Stem Cell Transplantation Stephan AGrupp 1161 Introduction

The role of autologous stem cell transplantation (ASCT) as consolidation therapy for malignancies has been debated, both in the pediatric as well as the adult setting. General design criteria include: (a) a chemo-responsive tumor type, typically with a good initial response to induction therapy,but a poor long-term (i.e., 3- or 5-year) outcome; (b) a conditioning (pre-transplant chemotherapy) regimen that may be dose-escalated safely past marrow tolerance; (c) conditioning agents not utilized in the induction chemotherapy; and (d) optimal supportive care, especially as regards stem cell source and processing techniques. The use of this treatment option, especially in the era of peripheral blood stem cell (PBSC) collection, has special challenges when applied to young patients with neuroblastoma where the median age at diagnosis is 3. Finally, although the vast majority of transplant procedures for patients with NB now utilize autologous PBSC as the stem cell source, allogeneic transplant has been advocated by some investigators, so we briefly explore this issue as well.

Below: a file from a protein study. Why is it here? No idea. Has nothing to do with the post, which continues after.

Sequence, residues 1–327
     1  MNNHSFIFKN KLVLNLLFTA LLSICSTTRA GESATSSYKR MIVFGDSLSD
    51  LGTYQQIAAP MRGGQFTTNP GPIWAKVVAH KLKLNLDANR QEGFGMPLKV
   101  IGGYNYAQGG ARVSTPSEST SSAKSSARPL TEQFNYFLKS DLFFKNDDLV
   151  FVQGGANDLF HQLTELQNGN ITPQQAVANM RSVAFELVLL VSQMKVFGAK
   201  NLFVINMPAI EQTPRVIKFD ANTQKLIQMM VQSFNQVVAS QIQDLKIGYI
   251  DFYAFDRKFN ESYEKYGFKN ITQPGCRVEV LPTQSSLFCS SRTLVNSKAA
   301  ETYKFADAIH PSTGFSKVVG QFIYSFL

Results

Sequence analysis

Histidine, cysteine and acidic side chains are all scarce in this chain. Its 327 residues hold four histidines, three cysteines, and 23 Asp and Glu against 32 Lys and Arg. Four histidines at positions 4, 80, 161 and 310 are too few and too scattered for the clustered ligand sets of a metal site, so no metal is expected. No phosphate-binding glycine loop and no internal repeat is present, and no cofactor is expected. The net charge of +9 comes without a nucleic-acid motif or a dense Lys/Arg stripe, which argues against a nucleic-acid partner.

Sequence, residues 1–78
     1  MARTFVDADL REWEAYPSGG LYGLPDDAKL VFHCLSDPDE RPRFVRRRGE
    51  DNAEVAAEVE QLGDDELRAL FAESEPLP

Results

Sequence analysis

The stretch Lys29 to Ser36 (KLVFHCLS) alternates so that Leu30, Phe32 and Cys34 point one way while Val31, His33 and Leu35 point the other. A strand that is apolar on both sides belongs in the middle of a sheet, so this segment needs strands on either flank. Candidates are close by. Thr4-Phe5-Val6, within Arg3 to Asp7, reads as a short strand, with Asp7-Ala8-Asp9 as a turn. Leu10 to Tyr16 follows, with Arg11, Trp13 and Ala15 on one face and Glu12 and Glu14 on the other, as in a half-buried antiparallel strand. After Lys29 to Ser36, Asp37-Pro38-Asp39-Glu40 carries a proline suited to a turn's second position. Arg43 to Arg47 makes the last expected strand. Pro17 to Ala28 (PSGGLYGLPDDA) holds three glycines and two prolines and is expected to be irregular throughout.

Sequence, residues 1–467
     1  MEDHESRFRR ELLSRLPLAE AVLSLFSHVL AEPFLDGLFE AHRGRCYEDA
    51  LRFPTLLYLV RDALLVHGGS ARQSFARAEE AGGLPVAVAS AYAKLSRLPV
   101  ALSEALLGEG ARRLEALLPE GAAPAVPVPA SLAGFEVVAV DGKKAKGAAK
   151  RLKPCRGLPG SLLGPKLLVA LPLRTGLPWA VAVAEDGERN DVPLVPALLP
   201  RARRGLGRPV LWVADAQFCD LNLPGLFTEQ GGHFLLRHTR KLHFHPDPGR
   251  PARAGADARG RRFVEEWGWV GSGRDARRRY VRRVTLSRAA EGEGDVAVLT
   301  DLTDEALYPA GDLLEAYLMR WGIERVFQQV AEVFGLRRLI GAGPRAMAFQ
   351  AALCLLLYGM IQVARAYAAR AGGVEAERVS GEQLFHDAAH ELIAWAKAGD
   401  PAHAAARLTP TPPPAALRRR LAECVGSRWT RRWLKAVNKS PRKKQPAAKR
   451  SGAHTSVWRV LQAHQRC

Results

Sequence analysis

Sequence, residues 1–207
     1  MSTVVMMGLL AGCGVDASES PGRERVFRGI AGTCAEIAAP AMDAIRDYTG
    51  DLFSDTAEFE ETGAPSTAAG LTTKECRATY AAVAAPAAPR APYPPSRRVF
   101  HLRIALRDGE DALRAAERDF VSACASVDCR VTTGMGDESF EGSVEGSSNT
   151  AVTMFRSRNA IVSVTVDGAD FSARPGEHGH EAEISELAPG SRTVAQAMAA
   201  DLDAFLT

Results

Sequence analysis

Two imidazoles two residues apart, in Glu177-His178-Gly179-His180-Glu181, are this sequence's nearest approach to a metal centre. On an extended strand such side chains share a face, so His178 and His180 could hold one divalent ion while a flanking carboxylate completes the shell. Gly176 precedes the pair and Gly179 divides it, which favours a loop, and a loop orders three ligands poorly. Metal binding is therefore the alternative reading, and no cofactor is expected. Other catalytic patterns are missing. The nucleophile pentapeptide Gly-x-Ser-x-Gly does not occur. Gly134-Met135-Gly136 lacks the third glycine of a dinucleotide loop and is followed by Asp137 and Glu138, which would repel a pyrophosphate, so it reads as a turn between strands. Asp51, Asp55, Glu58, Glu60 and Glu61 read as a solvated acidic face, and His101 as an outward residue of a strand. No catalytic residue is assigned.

The primary source of hematopoietic stem and progenitor cells for use in autologous and allogeneic transplantation has been, until recently, bone marrow. Over the past decade, there has been an increasing use of peripheral blood containing mobilized stem and progenitor cells for transplantation (Table 11.6.1; Kessinger et al. 1986). This product is variously referred to as peripheral blood stem cells, peripheral blood progenitor cells, or given the shorthand designation "stem cells." Although each cell source used for hematopoietic transplantation contains stem cells, when the term "stem cells" is used without a qualifier, it is usually referring to PBSC.

Table 11.6.1 Cellular characteristics of various stem-cell sources. PBSC peripheral blood stem cell

Stem-cell source

Bone marrow

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